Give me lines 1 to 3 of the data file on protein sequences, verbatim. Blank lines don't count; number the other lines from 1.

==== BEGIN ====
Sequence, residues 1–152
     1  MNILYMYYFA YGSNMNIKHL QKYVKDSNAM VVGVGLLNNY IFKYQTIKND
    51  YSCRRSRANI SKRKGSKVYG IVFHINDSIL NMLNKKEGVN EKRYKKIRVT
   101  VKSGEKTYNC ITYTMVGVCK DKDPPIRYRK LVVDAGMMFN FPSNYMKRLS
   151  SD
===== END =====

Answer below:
Sequence, residues 1–152
     1  MNILYMYYFA YGSNMNIKHL QKYVKDSNAM VVGVGLLNNY IFKYQTIKND
    51  YSCRRSRANI SKRKGSKVYG IVFHINDSIL NMLNKKEGVN EKRYKKIRVT